The federal government usually benefits the national capital region’s economy, driving high education and wealth levels, knowledge-based employment and providing a buffer during an economic downturn. But the partial federal shutdown, already the longest ever at five weeks, illustrates the drawbacks of the concentrated federal presence in the District of Columbia (DC) metro area, a significant contributor to the larger US economy. The DC area is absorbing the worst of the federal shutdown with missed pay for employees and private sector contractors reducing personal spending and tempering tax revenue for area governments. Federal workers will miss another payday January 25. In addition, public transit ridership has slowed, and operations at other government enterprises are experiencing disruption
Source: Rita Sverdlik, Lisa Martin, Lisa Goldstein, Diane F. Viacava, Susan I Fitzgerald, Kendra M. Smith, Moody’s, Sector Comment, January 23, 2019
New guidance from the Financial Accounting Standards Board (FASB) related to operating leases took effect January 1. Under the new standard, issuers will include the net present value (NPV) of operating leases on the balance sheet. This change does not affect issuers’ credit quality because our assessments already consider operating leases in a manner similar to the new FASB standard. However, in a few limited circumstances, the accounting change will affect issuers’ compliance with financial covenants in bond and bank agreements and temporarily elevate credit risk.
Source: Mark Muro, Robert Maxim, and Jacob Whiton, Brookings Institution, January 2019
From the summary:
At first, technologists issued dystopian alarms about the power of automation and artificial intelligence (AI) to destroy jobs. Then came a correction, with a wave of reassurances. Now, the discourse appears to be arriving at a more complicated understanding, suggesting that automation will bring neither apocalypse nor utopia, but instead both benefits and stress alike. Such is the ambiguous and sometimes disembodied nature of the “future of work” discussion.
Hence the analysis presented here. Intended to bring often-inscrutable trends down to earth, the following report develops both backward and forward-looking analyses of the impacts of automation over the years 1980 to 2016 and 2016 to 2030 to assess past and upcoming trends as they affect both people and communities in the United States.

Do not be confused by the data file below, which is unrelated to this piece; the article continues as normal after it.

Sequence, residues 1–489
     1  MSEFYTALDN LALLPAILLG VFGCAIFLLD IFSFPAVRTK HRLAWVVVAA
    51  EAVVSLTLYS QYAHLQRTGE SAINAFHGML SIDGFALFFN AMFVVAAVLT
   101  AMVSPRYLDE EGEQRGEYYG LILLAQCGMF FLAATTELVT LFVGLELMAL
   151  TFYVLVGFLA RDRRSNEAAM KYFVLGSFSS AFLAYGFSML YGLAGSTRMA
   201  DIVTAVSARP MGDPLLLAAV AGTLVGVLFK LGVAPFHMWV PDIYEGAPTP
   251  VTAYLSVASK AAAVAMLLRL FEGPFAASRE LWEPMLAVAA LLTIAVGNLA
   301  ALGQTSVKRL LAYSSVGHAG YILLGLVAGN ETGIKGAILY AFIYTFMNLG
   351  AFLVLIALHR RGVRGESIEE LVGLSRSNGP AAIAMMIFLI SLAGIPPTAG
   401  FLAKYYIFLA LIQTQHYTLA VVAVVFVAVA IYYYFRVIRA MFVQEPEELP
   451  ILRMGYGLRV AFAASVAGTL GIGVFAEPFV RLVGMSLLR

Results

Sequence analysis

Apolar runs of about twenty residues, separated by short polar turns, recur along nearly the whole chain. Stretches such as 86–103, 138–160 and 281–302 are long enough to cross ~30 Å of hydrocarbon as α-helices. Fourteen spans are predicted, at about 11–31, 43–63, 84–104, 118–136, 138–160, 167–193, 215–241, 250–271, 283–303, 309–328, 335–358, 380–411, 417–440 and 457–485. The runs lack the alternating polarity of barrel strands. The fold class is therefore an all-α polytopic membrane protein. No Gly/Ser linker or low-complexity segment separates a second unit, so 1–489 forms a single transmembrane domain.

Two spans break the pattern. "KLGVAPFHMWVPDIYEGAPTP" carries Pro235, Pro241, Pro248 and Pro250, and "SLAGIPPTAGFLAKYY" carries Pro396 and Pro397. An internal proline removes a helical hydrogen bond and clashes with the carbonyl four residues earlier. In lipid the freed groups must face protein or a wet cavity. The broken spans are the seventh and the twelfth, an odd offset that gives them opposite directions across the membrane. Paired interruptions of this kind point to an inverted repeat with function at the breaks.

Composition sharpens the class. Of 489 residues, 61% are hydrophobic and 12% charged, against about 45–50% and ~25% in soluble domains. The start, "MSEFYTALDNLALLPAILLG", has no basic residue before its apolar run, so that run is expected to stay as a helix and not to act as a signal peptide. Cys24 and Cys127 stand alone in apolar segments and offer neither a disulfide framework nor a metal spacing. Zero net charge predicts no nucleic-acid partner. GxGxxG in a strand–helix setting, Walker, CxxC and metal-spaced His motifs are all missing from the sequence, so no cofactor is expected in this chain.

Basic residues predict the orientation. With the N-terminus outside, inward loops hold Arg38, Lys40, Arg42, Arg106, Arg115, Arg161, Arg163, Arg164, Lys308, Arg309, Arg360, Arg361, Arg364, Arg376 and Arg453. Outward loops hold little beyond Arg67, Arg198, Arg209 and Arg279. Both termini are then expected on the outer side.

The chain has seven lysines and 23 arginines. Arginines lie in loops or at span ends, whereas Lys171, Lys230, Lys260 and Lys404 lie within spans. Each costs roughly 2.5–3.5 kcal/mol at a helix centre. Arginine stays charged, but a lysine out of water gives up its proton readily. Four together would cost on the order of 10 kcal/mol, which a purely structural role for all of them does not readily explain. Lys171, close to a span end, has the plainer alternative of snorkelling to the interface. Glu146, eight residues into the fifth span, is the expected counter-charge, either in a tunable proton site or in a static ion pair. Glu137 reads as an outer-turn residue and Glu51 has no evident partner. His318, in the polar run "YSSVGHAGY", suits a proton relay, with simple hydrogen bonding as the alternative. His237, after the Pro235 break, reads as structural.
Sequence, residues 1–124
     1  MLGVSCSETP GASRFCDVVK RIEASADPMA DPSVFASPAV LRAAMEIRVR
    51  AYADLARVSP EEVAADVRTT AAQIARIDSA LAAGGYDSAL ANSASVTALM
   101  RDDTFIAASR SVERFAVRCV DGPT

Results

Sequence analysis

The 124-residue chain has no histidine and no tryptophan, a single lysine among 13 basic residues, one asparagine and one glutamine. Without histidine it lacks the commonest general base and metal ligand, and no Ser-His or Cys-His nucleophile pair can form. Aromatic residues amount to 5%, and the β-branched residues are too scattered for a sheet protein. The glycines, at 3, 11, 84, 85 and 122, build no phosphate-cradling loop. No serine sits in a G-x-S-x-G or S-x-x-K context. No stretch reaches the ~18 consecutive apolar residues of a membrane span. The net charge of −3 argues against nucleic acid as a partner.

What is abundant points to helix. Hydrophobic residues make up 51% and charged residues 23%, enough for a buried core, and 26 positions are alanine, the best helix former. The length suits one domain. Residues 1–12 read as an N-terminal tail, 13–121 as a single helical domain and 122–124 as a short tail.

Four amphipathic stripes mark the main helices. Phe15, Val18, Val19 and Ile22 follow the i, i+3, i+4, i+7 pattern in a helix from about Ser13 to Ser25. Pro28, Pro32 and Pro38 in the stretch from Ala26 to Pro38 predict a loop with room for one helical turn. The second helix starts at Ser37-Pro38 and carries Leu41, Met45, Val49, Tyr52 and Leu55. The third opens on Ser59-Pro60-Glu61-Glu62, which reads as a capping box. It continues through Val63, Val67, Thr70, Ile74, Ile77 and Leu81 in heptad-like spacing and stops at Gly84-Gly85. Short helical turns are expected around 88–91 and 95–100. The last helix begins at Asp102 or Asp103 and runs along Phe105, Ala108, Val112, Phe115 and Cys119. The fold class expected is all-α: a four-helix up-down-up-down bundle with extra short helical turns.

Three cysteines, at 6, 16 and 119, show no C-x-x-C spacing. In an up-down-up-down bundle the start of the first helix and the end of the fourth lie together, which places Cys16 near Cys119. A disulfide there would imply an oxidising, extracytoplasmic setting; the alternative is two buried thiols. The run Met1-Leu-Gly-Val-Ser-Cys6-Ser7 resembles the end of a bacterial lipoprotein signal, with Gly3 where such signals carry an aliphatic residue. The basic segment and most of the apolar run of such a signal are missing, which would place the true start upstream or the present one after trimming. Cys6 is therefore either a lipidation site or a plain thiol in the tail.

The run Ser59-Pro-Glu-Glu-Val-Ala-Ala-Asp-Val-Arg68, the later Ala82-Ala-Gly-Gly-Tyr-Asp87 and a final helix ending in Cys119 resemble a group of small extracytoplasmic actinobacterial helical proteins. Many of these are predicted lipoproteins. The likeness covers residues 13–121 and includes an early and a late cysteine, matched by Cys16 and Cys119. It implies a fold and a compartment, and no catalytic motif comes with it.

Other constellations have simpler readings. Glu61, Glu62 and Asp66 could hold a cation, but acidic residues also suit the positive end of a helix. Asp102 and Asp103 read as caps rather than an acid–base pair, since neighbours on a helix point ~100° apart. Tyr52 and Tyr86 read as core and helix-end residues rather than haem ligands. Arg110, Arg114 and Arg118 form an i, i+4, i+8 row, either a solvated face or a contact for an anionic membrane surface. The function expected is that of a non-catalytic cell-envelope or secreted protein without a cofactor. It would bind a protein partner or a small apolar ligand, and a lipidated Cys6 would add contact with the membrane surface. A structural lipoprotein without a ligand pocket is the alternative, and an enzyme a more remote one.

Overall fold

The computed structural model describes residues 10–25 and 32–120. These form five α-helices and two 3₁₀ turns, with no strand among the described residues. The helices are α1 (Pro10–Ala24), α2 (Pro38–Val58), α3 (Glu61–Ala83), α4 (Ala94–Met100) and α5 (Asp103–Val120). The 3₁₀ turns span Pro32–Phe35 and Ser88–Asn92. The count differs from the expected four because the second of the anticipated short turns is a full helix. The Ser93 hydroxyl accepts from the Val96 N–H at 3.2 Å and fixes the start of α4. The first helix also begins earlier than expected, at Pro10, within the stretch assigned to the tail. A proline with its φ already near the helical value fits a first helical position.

The report focuses on areas of potential occupational change rather than net employment losses or gains. Special attention is applied to digging beneath national top-line statistics to explore industry, geographical, and demographic variations. Finally, the report concludes by suggesting a comprehensive response framework for national and state-local policymakers.
Source: Lillie Greiman, Andrew Myers, Bryce Ward, Catherine Ipsen, The Conversation, January 28, 2019
After the devastating losses of the Great Recession, the U.S. has enjoyed one of the longest expansions in its recorded history. For nearly 100 straight months, the U.S. economy has added jobs.
But not all groups have shared equally in the recovery. African-Americans and people in rural communities have been particularly slow to recover, compared to their white and urban peers.
Our team at the University of Montana’s Research and Training Center on Disability in Rural Communities published a new analysis on Jan. 10. Our research shows that people with disabilities, particularly those in rural areas, have also experienced a longer, deeper recession and a much slower recovery. ….
Source: Katherine Barrett & Richard Greene, Governing, January 28, 2019
Women are less likely than men to aspire for and occupy top jobs. They’re also less optimistic about their chances of moving up at all.
…. Late last year, National Research Center, Inc., released data it had collected over the last five years from 20,000 local government workers in more than 40 jurisdictions. Its survey reveals some gender disparities: 39 percent of men rated their opportunities for promotion as excellent or good, compared to only 29 percent of women. And 49 percent of men rated their opportunities for career growth as excellent or good, compared to just 43 percent of women. ….